P291-298                Syntax
P299                       Other
P301-301.5              Style. Composition. Rhetoric
P302-302.87            Discourse analysis
P304-305                 Vocabulary
P306-310                 Translating and interpreting
P321-324.5              Etymology
P325-325.5              Semantics
P326-326.5              Lexicology
P327-327.5              Lexicography
P331-365.5              Comparative lexicography
P367                        Dialectology
P368                        Standard language
P375-381                 Linguistic geography

P501-675                 Indo-European philology

P901-1091               Extinct ancient   and medieval languages

PM                          Native American Languages




Primary material is collected in all languages, but predominately in English. The Libraries' aim is to have a least a dictionary, a grammar, and illustrative texts for all known languages that have been written down. Secondary material is collected in English and other European languages, and in lesser-known languages when it is not available in the more widely-known ones.


Chronological Guidelines


There are no chronological exclusions. Materials describing and exemplifying the various periods of development of languages, both living and extinct, are collected (but see above, under language). While there is emphasis on the scientific study of language which began in the nineteenth century, there is also a concern for grammars, dictionaries and other descriptive works from earlier periods.


Geographical Guidelines


Studies and examples of languages from all parts of the world are collected. Due to priorities in the Linguistics Department there is an emphasis on those languages which have few written records or lack standardization (e.g. pidgins and creoles) or which are the concern of the anthropologists (e.g. the Native American languages).


Format of Materials


Monographs and periodicals form the bulk of the collection. Publications of learned societies and of government agencies are acquired. Working papers of university departments and other organization are important. Theses and dissertations are now often available electronically through subscription databases such as Proquest, and therefore will no longer be routinely purchased, but exceptions will be made if it is deemed to be a worthy permanent addition to the collection. Microforms are acquired when the material is not conveniently available in any other form; reprints in book form are preferred.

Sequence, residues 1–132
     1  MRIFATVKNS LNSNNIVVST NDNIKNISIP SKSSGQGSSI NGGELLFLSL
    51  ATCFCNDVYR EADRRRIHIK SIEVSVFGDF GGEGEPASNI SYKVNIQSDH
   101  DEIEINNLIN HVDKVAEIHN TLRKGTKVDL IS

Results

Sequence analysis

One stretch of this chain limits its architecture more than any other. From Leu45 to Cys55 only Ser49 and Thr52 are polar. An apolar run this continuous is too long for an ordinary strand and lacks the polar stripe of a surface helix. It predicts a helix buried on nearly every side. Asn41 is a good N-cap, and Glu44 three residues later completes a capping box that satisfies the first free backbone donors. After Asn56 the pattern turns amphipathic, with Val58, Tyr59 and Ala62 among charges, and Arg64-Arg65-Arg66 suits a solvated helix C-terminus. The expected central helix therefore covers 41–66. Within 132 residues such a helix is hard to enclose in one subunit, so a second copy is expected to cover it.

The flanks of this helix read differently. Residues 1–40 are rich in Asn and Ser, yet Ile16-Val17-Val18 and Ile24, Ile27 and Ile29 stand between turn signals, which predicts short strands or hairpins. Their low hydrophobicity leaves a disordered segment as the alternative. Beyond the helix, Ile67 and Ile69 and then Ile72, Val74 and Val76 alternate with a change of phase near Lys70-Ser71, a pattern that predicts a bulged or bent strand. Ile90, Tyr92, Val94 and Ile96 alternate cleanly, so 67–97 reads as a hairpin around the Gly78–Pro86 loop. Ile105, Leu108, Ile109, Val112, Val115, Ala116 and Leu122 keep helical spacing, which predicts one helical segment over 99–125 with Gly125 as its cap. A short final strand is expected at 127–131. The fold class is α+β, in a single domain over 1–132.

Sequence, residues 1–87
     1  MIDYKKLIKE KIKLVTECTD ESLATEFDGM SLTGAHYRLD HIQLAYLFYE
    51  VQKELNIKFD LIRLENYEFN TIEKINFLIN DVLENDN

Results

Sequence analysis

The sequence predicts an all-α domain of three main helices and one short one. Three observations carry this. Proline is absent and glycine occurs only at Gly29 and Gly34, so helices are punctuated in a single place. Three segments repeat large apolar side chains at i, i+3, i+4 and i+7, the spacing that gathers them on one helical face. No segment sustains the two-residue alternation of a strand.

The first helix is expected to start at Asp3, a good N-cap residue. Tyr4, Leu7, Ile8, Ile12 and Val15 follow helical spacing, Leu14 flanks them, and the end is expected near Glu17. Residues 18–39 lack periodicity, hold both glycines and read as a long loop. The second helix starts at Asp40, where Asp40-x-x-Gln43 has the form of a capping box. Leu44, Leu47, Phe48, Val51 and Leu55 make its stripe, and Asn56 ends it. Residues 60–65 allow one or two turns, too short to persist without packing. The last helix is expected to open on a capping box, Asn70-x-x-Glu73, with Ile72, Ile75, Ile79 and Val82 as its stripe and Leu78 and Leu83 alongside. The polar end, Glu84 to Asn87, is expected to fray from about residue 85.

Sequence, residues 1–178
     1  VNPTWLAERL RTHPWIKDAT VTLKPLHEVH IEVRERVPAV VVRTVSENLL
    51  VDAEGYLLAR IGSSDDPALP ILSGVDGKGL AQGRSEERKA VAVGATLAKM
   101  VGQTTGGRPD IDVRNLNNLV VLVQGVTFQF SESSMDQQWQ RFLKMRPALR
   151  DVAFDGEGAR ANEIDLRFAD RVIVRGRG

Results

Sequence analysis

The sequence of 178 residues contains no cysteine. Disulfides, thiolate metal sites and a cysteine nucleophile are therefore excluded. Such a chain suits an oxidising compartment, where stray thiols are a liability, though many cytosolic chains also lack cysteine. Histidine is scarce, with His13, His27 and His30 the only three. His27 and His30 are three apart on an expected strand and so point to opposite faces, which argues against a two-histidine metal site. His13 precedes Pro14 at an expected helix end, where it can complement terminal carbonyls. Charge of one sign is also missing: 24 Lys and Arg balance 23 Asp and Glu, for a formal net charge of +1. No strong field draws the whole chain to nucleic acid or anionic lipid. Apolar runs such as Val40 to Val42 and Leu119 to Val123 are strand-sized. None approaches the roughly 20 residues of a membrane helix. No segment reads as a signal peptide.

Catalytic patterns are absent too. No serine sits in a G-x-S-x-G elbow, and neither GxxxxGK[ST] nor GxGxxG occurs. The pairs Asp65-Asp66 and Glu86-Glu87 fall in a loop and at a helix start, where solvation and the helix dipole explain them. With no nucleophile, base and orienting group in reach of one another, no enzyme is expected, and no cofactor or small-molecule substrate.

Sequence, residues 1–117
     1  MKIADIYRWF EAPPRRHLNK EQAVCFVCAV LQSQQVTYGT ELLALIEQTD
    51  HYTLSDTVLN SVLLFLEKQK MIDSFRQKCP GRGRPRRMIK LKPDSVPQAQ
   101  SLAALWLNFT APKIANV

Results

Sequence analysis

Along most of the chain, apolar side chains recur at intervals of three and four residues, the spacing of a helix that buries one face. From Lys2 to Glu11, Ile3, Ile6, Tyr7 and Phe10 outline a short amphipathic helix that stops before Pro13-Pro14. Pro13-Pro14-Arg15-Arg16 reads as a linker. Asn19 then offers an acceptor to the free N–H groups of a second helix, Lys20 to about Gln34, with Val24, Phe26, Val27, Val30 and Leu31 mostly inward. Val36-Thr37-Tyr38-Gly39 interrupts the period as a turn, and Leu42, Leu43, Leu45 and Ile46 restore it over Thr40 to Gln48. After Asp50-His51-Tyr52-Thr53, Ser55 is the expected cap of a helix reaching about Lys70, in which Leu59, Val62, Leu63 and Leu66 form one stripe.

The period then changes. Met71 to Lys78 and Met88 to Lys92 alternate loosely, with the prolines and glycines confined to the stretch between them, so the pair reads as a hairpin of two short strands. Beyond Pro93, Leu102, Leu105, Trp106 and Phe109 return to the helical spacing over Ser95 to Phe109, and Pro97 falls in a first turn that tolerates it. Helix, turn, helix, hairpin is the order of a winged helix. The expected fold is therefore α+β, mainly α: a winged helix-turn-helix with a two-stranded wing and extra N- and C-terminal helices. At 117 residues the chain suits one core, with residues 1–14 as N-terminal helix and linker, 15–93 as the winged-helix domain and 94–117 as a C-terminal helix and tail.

Collection Priorities


The purpose of the Linguistics fund is to collect materials to support the research of the Linguistics Dept. This fund is relatively modest, and therefore it cannot generally purchase materials related to language specific research that is more appropriately handled by another fund, e.g. English linguistic studies, Slavic, Classical languages, French, Spanish, or East Asian linguistic materials.


Areas in which we are at present strong need to be maintained, and areas in which we are at present weaker need to be strengthened. We continue to collect actively in philosophy of language, phonetics, phonology, syntax, semantics, historical and comparative linguistics, language learning and teaching, sociolinguistics, psycholinguistics. However, due to trends in the Linguists Dept., some more traditional areas, e.g. historical linguists are being give somewhat less priority than the more current topics, e.g. psycholinguistics or discourse analysis.



Selection Process


A certain amount of material comes through the North American and British Approval order (at the time of writing this includes some English language materials actually published in the Netherlands). There are no other approval orders embracing linguistics. Most  non-periodical materials purchased on the Linguistics fund are collected on a title  by title basis. The bibliographer also strongly encourages specific purchase recommendations from faculty and students.